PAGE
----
Program - Friday

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7:00 - 10:00 a.m.

REGISTRATION OPEN

7:30 - 9:00 a.m.
American Breakfast Buffet
Scrambled eggs, breakfast potatoes, sausage, yogurt and toast

9:00 - 10:00 a.m.
SESSION #4

Getting Them to Go . . . Gracefully
Diana Skalitsky, Marshall Community Library
Salon B

Volunteers, staff and board members all have an expiration date, don't they? This program will share tips on how to handle one of the most awkward job duties, getting someone to go. Bring along your scenario and your WORST board story. Q&A period will follow the presentation.
Sponsored by the Wisconsin Small Libraries Section

Why Consider Attending a Rural & Small Libraries Conference?

Susan Vater Olsen, Scandinavia Public Library; Megan Olson, Thomas St. Angelo Public Library; Jennifer Einwalter, Slinger Community Library; Amy Stormberg, Shell Lake Public Library
Salon C

Do you work in either a small or rural library? Are you considering attending a national conference in the future? Come and hear your colleagues discuss their experiences at the 2013 Association of Rural and Small Libraries (ARSL) conference held in Omaha, Nebraska, to consider the possibility once you have heard what they learned, how new ideas benefited their libraries and how they could afford to attend the conference.
Sponsored by the Wisconsin Department of Public Instruction

Cat Chat: Talk about Cataloging for Systems
Anne Paterson, Outagamie-Waupaca Library System, Appleton; Joanna Messer Jordan, South Central Library System, Madison; Alison Ross, Eastern Shores Library System, Sheboygan; Jade McKenzie, West Bend Community Memorial Library/SHARE Consortium; Steve Ohs, Lakeshores Library System, Waterford
Salon D

Come listen to catalogers from public library systems around the state share their cataloging models and policies, as well as participate by letting us know how your system works. We will be discussing things like: how do you handle cataloging DVDs/BLU-RAYs/Combo sets? Do you catalog paperback books on the same record as hardcover books? What do you do with items needing original cataloging? Catalogers, library directors, system directors and any other interested parties are welcome!
Sponsored by the Technical Services Section

Benefits of Multi-Type Collaboration: Joint Library Cards and More!

Meg Allen, Baraboo Public Library; Marc Boucher, UW-Baraboo / Sauk County; Cate Booth, UW-Baraboo / Sauk County
Salon E

The UW-Baraboo / Sauk County Library and the Baraboo Public Library have been collaborating on many services over the past three years. This presentation will discuss their new joint library card and also focus on several kinds of outreach programming (including lecture series and writing workshops), promotion, technology and innovative services that have been attempted, including ideas for what works and what doesn't. Overall, the collaboration has been highly successful for the missions of both libraries. There will be time allotted for discussion of participants' mulit-type library collaboration with an emphasis on generating ideas for greater resource sharing.
Sponsored by the Wisconsin Association of Public Libraries

Elements of a Teen Summer Reading Blog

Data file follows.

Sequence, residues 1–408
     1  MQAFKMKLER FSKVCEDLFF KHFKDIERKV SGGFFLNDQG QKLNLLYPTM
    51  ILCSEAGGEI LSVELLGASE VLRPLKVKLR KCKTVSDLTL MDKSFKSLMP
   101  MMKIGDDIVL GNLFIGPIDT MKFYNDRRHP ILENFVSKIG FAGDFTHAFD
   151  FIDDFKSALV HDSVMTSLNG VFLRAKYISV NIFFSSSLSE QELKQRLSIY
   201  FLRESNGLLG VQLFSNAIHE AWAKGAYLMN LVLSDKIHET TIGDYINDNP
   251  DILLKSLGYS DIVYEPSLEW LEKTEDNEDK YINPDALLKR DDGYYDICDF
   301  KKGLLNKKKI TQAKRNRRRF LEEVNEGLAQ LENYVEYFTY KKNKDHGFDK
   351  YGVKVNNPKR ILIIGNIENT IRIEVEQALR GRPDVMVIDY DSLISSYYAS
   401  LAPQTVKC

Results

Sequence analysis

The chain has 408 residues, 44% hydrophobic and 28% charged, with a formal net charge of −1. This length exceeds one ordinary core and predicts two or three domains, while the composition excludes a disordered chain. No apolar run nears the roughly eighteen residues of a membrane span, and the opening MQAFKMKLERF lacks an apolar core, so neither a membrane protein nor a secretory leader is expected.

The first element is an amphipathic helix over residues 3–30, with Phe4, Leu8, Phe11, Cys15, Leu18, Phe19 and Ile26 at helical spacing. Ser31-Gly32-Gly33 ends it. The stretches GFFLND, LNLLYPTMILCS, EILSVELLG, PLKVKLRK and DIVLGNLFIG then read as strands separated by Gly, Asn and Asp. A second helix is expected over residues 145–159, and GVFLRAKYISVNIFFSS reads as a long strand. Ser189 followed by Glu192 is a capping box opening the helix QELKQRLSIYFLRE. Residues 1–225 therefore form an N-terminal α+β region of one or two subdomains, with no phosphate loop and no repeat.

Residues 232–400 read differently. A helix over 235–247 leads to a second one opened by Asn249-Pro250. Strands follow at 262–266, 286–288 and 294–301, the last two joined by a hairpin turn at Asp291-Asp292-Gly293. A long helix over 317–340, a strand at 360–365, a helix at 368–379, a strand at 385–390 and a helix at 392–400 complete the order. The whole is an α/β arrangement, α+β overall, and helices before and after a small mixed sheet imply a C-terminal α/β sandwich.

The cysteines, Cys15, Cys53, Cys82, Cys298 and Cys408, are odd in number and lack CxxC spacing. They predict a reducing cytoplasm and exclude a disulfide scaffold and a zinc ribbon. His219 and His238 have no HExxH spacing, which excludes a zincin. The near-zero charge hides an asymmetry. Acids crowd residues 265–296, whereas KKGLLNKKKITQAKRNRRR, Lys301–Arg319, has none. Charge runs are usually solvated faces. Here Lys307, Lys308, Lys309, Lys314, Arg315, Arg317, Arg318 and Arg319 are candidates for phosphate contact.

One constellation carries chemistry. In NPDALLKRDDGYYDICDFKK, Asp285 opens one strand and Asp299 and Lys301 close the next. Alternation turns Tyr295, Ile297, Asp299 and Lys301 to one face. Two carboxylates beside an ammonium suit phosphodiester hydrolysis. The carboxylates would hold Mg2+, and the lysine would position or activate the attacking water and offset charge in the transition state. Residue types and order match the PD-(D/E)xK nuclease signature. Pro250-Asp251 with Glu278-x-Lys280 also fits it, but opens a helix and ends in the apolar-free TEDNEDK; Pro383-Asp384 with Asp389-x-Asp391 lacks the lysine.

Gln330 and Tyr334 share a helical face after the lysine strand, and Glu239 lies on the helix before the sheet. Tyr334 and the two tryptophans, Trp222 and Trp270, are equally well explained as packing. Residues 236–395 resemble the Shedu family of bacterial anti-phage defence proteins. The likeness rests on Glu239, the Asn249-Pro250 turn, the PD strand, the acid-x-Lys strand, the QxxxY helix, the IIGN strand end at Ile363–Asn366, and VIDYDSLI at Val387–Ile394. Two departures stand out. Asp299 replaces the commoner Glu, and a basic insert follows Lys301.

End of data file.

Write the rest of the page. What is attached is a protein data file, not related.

Elizabeth M. Timmons, Muehl Public Library
Salon F

During the summer of 2012, the Muehl Public Library in Seymour had an MLS intern, Jenna Goodall, who initiated a teen summer reading blog which was very well received. In the summer of 2013, Elizabeth Timmins, the library's director and programmer, reran it and also experienced success. Both blogs will be examined during the course of this session. The positives and challenges of having a teen summer reading blog will be addressed. The intent is to inspire participants to tailor the idea to their own library culture and resources.
Sponsored by the Youth Services Section

Some Like it Cold: A Sheboygan Surfin' Safari
William Povletich
Salon G

"Some Like it Cold: A Sheboygan Surfin' Safari" is as much a celebration of the rich and colorful world of Great Lakes surfing as it is the story of brotherhood. For the past six decades, twin brothers Lee and Larry Williams have been surfing the gnarliest waves despite living nearly 2,000 miles away from any ocean. To overcome the obstacles of being born and raised in Sheboygan, Wisconsin, they brought their dreams and long boards to the shores of Lake Michigan. The Williams brothers quickly realized the biggest adversaries of the "Malibu of the Midwest" weren't the lacking waves, but rather hypothermia and frostbite. Customizing their wetsuits to allow them to last nearly three hours in even the iciest of waters, they became international surfing celebrities and attracted hundreds of surfers from around the globe eager to partake in one of America's best beach parties. "Some Like it Cold: A Sheboygan Surfin' Safari" is the fascinating story of two brothers whose lifelong journey to ride the ultimate wave seemingly brought the rest of the surfing world to their hometown.
Sponsored by the Wisconsin Association of Public Libraries

10:00 - 10:30 a.m.
BREAK
Refreshments Served in the Lakeside Terrace

10:30 - 11:30 a.m.
SESSION #5

A World of Holidays @ Your Library
Sharon Grover, Hedberg Public Library, Janesville; René Bue, Hedberg Public Library, Janesville
Salon B

Learn how you can add international holidays to your library's family programming. Hear what the Hedberg Public Library in Janesville has done for their Lunar New Year, Dia de los ninos / Dia de los libros and Winter Holidays programs by partnering with their community members and library users from diverse cultures.
Sponsored by the Ethnic & Multicultural Information Exchange Round Table

Publishers, Permission & Promotions: Current Trends in Digital Books

Sara Gold, WiLS, Madison
Salon C

The world of digital books is ever-evolving and changes happen so rapidly it is tough to keep up. Join Sara, also the WPLC Selection Committee Coordinator, for a session that will help you make sense of an industry gone digital. We will cover publishers who work with libraries and those that don't; evolving trends in materials such as streaming video, local music and enhanced books; major digital providers; and programs such as Library Reads to get libraries up front and center to publishers.